Robert Skidelsky’s new book, co-authored with Edward Skidelsky, is How Much is Enough?

(Source: http)


Hard work is overrated. It is not a requirement for getting all that we want in life. Passionate work is. It is too often that the hardest workers are also among the poorest people on our planet.

The difference between the unsuccessful and the successful is that the successful all seem to be passionate enough about their passion that they choose to make it the main focus of their life. They all have a deep, totally engrossing passion for the work they do.

To others it may seem that the successful work hard, but this doesn’t mean they’re struggling while they work. Their work is driven by their passion and so there is no feeling of struggle whatsoever. There is only pure joy and pleasure.

Take athletes for example. An athlete training hard for competition would not rather do anything else. Training is actually a source of joy for them. It is driven by their passion for their game.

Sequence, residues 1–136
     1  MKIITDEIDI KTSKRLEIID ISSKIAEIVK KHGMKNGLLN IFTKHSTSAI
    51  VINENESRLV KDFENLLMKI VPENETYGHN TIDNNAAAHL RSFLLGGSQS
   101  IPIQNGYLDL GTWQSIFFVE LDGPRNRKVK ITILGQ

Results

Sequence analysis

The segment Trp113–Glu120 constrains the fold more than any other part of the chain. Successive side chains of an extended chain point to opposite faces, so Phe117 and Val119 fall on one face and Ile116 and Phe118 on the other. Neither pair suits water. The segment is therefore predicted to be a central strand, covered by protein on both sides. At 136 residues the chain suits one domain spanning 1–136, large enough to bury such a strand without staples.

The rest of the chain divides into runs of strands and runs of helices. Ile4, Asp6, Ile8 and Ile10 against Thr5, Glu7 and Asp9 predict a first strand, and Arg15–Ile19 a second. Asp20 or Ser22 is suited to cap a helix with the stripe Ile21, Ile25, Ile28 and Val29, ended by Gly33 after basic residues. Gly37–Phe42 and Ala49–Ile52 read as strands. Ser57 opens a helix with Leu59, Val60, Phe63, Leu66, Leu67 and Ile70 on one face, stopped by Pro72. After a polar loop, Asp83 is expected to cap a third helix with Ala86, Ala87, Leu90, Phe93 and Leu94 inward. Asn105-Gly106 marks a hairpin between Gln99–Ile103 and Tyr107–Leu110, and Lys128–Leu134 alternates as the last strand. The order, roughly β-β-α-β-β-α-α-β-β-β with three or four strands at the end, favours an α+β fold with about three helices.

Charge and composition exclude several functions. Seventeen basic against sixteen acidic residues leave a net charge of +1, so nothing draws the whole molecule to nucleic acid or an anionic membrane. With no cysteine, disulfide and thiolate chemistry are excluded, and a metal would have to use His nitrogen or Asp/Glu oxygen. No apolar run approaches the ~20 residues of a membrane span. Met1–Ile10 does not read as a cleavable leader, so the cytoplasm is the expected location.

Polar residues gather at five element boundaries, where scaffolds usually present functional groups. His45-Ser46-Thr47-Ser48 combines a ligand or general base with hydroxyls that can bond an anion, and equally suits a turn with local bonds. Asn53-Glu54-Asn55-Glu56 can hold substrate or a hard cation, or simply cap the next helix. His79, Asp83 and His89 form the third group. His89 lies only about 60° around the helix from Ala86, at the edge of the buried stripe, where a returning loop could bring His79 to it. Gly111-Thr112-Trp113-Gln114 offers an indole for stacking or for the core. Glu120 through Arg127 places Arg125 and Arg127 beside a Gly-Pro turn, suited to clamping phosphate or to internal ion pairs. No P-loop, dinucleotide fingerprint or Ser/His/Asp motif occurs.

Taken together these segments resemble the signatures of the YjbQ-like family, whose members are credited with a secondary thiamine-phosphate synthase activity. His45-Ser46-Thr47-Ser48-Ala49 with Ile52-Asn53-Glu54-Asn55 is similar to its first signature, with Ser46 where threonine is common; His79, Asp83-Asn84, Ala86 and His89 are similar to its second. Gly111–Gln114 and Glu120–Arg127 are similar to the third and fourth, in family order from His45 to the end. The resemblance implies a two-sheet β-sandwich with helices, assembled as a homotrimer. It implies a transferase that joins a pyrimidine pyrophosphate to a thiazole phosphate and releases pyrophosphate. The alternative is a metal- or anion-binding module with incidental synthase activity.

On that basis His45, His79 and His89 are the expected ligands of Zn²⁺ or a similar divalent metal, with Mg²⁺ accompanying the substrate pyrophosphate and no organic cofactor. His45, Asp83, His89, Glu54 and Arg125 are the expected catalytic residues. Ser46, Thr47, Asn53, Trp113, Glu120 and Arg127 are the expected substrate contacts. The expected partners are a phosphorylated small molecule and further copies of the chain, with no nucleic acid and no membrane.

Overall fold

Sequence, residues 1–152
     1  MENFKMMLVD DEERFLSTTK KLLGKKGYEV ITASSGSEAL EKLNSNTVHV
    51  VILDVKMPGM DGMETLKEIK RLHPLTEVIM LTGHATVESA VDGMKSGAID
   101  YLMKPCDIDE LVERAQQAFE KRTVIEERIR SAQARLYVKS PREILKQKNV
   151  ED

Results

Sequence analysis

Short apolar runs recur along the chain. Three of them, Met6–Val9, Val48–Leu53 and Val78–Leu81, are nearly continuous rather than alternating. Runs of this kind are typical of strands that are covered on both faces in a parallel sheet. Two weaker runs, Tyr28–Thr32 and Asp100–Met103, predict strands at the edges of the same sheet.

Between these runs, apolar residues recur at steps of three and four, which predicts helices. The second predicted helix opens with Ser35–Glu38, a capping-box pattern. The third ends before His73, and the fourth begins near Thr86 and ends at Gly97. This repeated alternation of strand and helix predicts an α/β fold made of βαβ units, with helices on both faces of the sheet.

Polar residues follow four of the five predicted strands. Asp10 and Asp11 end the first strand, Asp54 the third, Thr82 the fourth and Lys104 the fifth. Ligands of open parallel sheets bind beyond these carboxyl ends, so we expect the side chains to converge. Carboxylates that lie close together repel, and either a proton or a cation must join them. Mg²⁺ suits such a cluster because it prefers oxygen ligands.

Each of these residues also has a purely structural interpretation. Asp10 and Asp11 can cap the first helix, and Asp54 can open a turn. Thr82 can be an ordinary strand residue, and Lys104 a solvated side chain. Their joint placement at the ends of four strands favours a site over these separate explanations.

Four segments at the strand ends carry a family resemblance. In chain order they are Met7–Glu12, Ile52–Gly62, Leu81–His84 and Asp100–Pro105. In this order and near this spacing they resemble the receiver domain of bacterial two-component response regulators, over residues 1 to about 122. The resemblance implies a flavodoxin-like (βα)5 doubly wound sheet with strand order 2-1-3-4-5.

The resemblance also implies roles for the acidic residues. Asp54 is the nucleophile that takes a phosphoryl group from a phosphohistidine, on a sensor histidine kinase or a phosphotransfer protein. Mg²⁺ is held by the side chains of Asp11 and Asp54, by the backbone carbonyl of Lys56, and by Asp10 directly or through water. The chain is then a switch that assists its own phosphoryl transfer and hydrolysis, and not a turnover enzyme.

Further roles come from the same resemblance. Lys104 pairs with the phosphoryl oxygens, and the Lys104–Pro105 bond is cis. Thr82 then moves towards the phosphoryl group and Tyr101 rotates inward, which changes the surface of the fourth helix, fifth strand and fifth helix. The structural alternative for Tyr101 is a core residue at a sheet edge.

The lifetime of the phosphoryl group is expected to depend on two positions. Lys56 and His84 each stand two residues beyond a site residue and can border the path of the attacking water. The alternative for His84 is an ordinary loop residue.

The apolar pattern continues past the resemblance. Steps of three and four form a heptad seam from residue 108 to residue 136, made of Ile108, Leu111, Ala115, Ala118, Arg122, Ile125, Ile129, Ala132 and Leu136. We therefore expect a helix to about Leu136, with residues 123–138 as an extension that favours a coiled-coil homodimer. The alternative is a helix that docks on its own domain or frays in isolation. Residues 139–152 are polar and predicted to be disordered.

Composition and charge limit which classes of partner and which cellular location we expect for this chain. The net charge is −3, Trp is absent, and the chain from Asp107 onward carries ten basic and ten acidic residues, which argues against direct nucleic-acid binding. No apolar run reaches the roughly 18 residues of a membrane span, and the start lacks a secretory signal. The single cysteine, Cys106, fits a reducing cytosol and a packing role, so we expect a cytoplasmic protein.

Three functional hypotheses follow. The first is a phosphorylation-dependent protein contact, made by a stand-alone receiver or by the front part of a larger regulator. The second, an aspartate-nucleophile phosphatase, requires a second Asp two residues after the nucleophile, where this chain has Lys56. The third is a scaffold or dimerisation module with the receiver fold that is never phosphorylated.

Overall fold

Why do we choose to work?

Ever since I have been looking at life with a neutral focus I have started to notice how weird our “normal” perspectives of life are.

I cannot believe how many of us have bought into other people’s definitions of how we should live life. We do things that we don’t want to do and live our lives in complete misery all because someone else told us that “that’s just the way life is.”

The funny thing is these other people don’t have any more of a clue of how life is than you or I. They just made up some story and sold it to others, and then the others continued to sell it to others and now we end up with a world believing in some other people’s story.

The fact is and always will be that life is devoid of meaning. It absolutely has none built into it whatsoever. We are the only ones that gives each of our lives meaning. I cannot emphasize that point enough!

So why do we listen to others and believe that their meaning or definition of life is more believable than our own? It boggles my mind to think of how many people do this everyday of their lives.